I recently had a ten-hour layover in Amsterdam on a business trip. So I decided to take the train into town. I soon returned to the train station to take the train back to the Amsterdam airport. Now on the train platform, there are two tracks. My chances were 50–50 to get on the right train. More importantly… I also needed to get on the right train, going the right direction. If not, my flight would be missed, my commitment to my client would be disrupted and an important workshop would need to be rescheduled. With participants expected from nine different countries, getting on the wrong train would have huge consequences. Luckily, I boarded the right train in the right direction.
What does this have to do with frontline technical support?
Frontline staff cannot make decisions relying on luck. They cannot afford the risk to send everyone down the ‘wrong track’.
Frontline customer support staff are the “first responders” on technical issues. They are backed up by an army of resources—backline engineers, escalation managers, and more. And everyone, including the customer, relies on them to get the issue correctly and completely. Relying on a 50/50 chance of getting it right is not acceptable.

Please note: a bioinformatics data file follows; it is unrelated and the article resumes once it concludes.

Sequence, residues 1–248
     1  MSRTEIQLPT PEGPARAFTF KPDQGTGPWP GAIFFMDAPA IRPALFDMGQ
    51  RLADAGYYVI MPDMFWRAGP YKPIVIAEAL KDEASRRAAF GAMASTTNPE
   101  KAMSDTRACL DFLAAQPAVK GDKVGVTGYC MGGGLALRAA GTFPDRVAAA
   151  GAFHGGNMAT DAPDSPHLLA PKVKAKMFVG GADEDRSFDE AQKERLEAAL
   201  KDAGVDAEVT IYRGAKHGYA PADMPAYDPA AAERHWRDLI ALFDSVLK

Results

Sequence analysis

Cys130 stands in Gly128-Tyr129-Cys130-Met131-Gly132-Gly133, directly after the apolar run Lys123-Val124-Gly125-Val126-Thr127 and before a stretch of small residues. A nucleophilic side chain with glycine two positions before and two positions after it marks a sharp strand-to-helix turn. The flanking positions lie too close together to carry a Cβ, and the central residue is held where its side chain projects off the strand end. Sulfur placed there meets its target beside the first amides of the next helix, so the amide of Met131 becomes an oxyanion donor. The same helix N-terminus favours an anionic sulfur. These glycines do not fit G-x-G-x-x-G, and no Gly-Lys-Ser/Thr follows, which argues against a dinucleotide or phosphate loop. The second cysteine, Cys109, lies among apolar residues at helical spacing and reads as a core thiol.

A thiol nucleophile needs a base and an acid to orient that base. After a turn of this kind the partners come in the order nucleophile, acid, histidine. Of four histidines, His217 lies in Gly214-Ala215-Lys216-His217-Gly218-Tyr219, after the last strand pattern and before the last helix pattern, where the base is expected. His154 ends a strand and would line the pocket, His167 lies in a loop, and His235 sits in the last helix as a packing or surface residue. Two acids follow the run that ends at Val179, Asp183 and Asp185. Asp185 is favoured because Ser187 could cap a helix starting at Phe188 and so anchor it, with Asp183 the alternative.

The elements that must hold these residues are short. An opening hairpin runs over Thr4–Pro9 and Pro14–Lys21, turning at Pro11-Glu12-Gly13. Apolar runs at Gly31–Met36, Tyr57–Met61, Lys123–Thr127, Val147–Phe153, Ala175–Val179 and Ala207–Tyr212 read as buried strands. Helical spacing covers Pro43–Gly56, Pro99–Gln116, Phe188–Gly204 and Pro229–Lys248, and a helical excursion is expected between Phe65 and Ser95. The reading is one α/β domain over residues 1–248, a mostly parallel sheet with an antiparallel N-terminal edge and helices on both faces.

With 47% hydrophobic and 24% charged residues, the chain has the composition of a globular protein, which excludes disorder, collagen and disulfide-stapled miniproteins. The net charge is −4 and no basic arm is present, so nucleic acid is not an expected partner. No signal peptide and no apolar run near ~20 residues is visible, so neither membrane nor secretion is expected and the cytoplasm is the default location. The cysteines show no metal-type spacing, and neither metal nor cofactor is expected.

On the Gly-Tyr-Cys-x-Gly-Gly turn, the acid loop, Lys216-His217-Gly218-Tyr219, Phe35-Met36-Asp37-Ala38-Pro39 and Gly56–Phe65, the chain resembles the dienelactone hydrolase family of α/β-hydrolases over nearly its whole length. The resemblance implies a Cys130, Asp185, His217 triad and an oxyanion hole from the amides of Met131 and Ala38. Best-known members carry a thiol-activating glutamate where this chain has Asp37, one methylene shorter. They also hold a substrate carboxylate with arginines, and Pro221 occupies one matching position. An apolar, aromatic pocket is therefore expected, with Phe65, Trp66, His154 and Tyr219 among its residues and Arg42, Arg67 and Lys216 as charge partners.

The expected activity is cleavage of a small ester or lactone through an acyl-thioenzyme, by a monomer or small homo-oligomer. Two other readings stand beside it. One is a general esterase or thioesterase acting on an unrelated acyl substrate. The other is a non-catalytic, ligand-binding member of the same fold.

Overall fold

Consider the consequences of not accurately and completely capturing the customer’s issue:
- Internal resources would be squandered as time and effort are wasted chasing after a misdiagnosis.
- Relations between frontline and backline teams can be damaged.
- The customer could become aggravated if the wrong issue is addressed.
- Productivity goes down; expenses spike up.
- Call completion rates degrade; customer satisfaction scores sink.
Unfortunately, the various situations I mentioned play out every day in technical support… The customer’s issue is misunderstood because the problem description is weak, incomplete or inaccurate. Information is always important in technical support; and information is even more critical at the beginning of the case. The entire support organization relies on these entries by the frontline staff.
Fortunately, they are also preventable. Through training, documentation guidelines and coaching, frontline technical support can develop the skills to document the case accurately and completely from the start. This requires asking the right information and then confirming the problem description with the customer.
Getting an early and accurate description of the customer’s issue is critical. A good way to start diagnostic troubleshooting is to build out a problem statement from the customers’ sometimes not-perfectly-articulate description. A challenge? Yes. But with the right training and consistent practice, it will get easier.